“Kristi has an incredible passion and drive for the programs that I have been involved with,” says professional sport-horse handler and Hilltop Farm head trainer Michael Bragdell, who has taught portions of USDF sport-horse educational programs. “I really feel that commitment has helped these newer programs to get a good running start. Being around her, you can feel the energy and enthusiasm she has to educate and share her knowledge and experience to others, especially the younger people that hopefully will carry our sport on.”
Wysocki won’t rest until American-bred sport horses are regarded as equal to their European counterparts. “The trick,” she says, “is to get people over the assumption that they can’t find as good a horse in the US as in Europe.”
Currently, Wysocki says, the Europeans have the advantage in terms of numbers. “It’s challenging for American breeders to compete with the Europeans in sheer number of foals produced per year. In Germany, you can see 50 young horses in one or two days. You can’t do that in the US simply because of the size of the country,” she explains.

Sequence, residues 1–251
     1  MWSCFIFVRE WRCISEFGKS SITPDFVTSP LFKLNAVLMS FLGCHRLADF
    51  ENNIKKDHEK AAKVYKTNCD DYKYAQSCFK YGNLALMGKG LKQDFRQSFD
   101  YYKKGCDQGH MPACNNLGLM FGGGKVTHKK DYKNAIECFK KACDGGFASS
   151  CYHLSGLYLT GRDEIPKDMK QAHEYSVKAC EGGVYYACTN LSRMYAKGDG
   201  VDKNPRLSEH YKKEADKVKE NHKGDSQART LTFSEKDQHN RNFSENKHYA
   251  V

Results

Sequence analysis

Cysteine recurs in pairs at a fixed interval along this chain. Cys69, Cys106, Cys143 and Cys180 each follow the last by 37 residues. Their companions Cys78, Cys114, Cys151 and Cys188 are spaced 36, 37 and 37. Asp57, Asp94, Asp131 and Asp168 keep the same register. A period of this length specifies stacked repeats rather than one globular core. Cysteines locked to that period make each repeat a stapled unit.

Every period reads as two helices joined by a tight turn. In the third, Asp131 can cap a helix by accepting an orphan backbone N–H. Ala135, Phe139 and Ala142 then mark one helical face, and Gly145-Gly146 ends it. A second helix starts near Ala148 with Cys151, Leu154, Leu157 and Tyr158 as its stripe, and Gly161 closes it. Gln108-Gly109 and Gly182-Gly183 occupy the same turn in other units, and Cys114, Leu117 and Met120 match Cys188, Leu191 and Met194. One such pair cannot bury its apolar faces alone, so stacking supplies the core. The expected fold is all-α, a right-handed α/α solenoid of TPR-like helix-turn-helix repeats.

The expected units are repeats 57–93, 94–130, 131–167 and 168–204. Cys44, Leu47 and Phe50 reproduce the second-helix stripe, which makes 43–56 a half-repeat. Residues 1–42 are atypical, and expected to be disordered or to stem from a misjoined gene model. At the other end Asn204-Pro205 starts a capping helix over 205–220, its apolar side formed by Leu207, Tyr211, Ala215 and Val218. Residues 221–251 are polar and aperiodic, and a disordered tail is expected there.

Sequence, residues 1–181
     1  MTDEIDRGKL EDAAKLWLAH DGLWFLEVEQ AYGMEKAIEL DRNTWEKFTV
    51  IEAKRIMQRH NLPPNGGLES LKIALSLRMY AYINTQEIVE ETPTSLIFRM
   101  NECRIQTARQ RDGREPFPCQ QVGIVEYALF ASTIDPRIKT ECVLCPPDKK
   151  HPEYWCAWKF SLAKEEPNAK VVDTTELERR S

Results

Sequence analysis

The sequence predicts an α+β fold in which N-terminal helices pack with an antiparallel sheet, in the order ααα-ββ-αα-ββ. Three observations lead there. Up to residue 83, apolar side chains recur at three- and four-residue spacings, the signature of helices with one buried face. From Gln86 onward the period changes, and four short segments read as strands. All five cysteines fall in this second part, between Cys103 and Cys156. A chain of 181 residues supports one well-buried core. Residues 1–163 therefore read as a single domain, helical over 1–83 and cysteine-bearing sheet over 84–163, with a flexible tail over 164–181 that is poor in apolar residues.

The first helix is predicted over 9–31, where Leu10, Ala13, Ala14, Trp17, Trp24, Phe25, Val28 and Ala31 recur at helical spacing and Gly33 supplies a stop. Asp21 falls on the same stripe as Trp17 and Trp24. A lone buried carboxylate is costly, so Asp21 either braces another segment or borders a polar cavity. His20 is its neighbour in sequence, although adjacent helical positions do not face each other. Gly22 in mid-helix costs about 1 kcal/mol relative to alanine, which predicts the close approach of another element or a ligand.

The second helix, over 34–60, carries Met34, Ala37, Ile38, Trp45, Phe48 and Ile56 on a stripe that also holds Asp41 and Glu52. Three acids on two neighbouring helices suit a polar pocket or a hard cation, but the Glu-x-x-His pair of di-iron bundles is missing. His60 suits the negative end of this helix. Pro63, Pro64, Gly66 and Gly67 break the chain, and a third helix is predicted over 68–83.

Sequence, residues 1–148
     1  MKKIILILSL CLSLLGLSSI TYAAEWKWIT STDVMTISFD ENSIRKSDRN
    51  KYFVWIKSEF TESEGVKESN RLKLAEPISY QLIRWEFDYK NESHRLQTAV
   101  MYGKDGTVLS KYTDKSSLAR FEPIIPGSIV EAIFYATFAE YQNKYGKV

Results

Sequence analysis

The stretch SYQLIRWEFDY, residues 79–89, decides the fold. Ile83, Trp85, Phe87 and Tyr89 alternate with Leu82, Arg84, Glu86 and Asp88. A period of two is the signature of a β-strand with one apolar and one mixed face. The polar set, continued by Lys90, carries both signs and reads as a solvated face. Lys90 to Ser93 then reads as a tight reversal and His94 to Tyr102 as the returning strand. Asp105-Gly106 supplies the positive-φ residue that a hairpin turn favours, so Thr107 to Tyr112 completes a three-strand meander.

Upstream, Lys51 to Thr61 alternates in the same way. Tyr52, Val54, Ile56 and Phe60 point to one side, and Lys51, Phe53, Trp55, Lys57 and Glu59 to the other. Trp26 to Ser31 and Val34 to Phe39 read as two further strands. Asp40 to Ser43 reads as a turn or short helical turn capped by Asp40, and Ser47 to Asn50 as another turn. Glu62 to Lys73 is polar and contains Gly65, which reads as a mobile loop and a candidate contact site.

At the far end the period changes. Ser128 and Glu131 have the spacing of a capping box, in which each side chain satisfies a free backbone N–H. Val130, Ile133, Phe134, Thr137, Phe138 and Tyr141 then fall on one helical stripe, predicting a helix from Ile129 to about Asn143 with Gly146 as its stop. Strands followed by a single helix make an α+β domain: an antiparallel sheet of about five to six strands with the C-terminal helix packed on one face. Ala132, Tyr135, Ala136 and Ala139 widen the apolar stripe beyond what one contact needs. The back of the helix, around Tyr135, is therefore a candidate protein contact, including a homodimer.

But the Americans, she says, are catching up rapidly.
“We’re getting more stallions in the country that are really super horses. We’ve gotten so much education accomplished in this country in the last ten years that we’re still behind, but not very far behind.”
And the breeders themselves are producing top-quality horses, according to Wysocki.
“We have these little boutique breeders who are very educated and who are doing a super job,” she says. “They’re breeding one or two mares a year—maybe three or four at the most—but they’re breeding top youngsters. And in three to five years, those youngsters are going to be under saddle and it’s going to be like, ‘Hello!’
“We’re not producing as many super horses as they’re producing in Europe, but we are producing as good a horse. I think ten years from now, that issue will be entirely gone. There are too many really sharp breeders involved now.”
Penny Hawes is a writer, horse owner, volunteer, and coach from Virginia. Her website is thehorseylife.com/USDF.